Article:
There is a second lesson we must draw from the last 20 years of European integration and it is also one on which Roberto de Mattei has written very eloquently, not only in the book we are discussing today but in "De Europa, Tra radici cristiane e sogni postmoderni" (2006). This lesson is that there is a metaphysical problem with Europe and the euro. Europe is in a state of permanent institutional revolution. Since the Maastricht Treaty was signed 20 years ago, there have been major overhauls of the treaty structure of the EU every few years: the Maastricht treaty of 1992 was superseded by the Treaty of Amsterdam in 1997, by the European Constitution drawn up in 2004, and by the Lisbon treaty finally ratified in 2009. This year, 2012, two new treaties have been signed by all but 2 EU states, the Treaty on Stability, Coordination and Governance and the Treaty Establishing the European Security Mechanism. In other words, if we add the Single European Act ratified in 1986, the EU will have been in a state of permanent institutional turmoil for 27 years by the time the new treaties are ratified. In addition, accession treaties have been signed which have added new member states over this period - 3 new member states joined in 1995 (Austria, Finland and Sweden) and 10 more in 2004 (the Eastern European states plus Malta and Cyprus). Finally, the Schengen agreement abolishing border controls is also a treaty: it was originally signed in 1985, amended in 1990, and extended to nine new states in 2007. The contrast is striking with the 28 years of institutional stability which existed between 1957, when the Treaty of Rome was signed, and the Single European Act in 1985.
As Roberto de Mattei says in this and his previous books, there is a metaphysical aspect to this permanent change. In the early days of European integration, EU leaders used to justify this constant institutional change by saying that the EU was like a bicycle which had to keep moving forward or else it would fall over. This metaphor was in fact originally used by the Marxist guerrilla Che Guevara, to describe the revolution which, he said, was like a bicycle. Indeed, the doctrine of permanent change, in reality as in society, is an absolutely key element of Marxist metaphysics. It is very clearly stated by Engels in his Dialektik der Natur where the co-father of Marxism draws heavily on the theories of Charles Darwin to promote a modern form of materialistic Heracliteranism: In the latter work, Engels explained how Darwin’s theories of random genetic mutation and had revolutionised the very understanding of nature itself.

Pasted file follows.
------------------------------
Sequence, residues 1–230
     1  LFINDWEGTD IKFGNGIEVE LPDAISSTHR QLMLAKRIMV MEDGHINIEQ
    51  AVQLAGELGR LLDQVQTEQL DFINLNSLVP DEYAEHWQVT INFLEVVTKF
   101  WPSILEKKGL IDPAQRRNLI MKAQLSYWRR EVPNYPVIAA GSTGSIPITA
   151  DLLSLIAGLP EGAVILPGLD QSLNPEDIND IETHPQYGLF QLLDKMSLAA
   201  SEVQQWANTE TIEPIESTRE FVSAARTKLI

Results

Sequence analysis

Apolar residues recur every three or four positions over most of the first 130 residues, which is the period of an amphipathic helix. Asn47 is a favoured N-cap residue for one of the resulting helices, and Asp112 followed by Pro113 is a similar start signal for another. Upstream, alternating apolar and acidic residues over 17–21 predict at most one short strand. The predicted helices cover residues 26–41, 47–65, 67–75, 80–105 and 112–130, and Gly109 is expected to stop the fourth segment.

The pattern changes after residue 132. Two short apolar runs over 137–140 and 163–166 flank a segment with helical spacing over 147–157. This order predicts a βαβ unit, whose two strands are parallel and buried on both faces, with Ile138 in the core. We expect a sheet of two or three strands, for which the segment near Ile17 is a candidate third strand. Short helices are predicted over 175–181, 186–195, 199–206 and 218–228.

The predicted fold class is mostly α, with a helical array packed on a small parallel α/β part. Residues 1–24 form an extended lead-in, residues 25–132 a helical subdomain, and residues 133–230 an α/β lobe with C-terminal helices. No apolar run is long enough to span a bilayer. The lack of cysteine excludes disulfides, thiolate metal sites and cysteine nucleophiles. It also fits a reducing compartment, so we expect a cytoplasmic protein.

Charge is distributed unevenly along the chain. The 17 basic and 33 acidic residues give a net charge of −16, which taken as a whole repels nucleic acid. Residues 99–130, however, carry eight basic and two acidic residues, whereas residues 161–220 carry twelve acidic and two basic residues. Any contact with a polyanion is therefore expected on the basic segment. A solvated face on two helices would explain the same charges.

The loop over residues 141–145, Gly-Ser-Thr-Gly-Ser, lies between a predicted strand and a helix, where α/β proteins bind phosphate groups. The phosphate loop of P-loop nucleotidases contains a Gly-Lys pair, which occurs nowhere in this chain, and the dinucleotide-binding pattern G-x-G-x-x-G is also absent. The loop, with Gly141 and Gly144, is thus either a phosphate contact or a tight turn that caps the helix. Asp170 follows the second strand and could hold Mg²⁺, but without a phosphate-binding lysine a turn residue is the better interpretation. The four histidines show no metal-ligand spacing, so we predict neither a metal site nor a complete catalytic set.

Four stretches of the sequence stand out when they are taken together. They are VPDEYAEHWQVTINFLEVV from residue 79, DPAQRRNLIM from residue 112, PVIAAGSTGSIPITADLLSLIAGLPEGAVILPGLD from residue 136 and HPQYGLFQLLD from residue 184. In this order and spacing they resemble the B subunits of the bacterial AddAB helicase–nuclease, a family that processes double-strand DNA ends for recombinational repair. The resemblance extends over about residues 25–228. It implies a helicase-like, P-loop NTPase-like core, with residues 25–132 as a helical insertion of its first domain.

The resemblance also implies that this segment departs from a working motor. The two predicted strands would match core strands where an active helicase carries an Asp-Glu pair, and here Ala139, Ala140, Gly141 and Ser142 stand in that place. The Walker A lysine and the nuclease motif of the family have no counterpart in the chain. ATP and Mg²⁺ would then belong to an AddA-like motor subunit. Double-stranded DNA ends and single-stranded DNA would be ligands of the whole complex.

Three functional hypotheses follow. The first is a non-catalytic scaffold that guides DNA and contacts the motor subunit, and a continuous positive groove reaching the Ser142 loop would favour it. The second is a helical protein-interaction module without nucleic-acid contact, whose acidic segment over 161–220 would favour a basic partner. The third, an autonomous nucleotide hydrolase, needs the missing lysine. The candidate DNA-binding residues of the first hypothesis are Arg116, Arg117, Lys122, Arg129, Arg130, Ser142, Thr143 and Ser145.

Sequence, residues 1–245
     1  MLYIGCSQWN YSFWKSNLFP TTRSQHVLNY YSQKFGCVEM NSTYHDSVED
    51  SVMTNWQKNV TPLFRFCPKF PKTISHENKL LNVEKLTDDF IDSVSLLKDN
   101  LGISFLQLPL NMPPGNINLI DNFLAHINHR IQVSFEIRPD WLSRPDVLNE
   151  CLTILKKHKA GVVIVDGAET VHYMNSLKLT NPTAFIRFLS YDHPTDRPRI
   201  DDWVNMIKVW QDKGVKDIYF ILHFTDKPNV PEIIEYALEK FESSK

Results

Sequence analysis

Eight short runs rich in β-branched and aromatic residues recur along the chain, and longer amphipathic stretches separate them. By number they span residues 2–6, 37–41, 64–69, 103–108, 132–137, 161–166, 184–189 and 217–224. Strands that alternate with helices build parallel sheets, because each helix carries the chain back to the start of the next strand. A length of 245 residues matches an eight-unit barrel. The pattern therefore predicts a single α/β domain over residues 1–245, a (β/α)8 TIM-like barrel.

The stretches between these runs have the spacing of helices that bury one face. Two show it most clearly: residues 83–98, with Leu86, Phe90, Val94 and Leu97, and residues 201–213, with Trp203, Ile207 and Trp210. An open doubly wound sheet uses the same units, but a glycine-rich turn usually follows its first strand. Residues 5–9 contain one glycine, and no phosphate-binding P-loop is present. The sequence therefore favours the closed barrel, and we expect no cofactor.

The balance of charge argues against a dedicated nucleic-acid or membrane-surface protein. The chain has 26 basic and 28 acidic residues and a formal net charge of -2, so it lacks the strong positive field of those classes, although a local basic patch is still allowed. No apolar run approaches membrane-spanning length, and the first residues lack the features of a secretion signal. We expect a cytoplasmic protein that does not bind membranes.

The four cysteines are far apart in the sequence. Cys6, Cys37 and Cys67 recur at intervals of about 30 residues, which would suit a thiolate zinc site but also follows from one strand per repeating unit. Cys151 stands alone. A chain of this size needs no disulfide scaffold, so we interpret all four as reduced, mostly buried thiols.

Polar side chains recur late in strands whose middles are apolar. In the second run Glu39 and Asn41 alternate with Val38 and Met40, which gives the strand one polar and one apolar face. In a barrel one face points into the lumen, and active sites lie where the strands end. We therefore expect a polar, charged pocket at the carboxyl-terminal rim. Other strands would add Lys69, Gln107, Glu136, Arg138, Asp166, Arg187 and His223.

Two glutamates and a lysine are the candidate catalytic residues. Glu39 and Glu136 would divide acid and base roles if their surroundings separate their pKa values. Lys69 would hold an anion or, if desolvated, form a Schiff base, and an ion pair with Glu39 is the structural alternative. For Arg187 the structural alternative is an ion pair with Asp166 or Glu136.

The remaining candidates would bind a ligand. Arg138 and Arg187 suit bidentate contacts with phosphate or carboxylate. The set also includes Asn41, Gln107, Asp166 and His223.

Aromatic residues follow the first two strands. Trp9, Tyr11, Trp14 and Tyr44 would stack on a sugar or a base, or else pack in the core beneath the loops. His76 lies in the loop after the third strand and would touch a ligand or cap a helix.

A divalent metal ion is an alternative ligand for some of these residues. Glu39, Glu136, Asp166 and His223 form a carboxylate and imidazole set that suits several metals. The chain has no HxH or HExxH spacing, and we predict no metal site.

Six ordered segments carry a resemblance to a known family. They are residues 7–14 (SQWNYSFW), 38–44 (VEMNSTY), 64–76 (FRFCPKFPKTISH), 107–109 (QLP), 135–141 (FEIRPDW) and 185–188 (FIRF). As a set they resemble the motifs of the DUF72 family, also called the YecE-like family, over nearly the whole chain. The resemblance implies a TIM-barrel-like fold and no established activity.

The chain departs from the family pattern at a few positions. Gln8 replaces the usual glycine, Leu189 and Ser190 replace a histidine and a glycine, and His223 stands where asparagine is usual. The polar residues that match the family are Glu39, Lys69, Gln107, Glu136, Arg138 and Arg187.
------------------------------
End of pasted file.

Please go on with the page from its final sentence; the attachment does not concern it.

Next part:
"The new view of nature was ready in its basic outlines: everything rigid was dissolved, everything fixed has evaporated, everything which had been held to be eternal became transitory, the whole of nature was proved to be moving in eternal flux and circulation."3]
To understand the key role of Darwinism in Marxism - and then, by extension, in the political metaphysics of Europe - I beg you to read, if you have not done so, Friederich Engels' funeral oration for Karl Marx at Highgate cemetery in London on 17 March 1883. Engels specifically included two evolutionary biologists among the tiny group of 9 or 10 mourners, one of whom went on to become the Director of the National History Museum, and in this speech, Engels make the link between Marx and Darwin explicitly clear. “Just as Darwin discovered the law of development of organic nature, so Marx discovered the law of development of human history,” he said. That law, Engels told the mourners, was that social and political arrangements, and indeed even law and culture itself, were dependent on the level of economic development. This is the origin of the famous Marxist doctrine of the state as a "superstructure" for ever-changing impersonal class relationships. It should never be forgotten, indeed, that Marx and Engels were in favour of globalisation, which they called "the bourgeois revolution", because they were convinced that the cosmopolitan forces of international capitalism would sweep away all traditional social structures, especially the family and the state. I have to say that they were right. I mention this link with Darwinism, among other things, because it is also a subject on which, as I am sure you know, Professor de Mattei has written.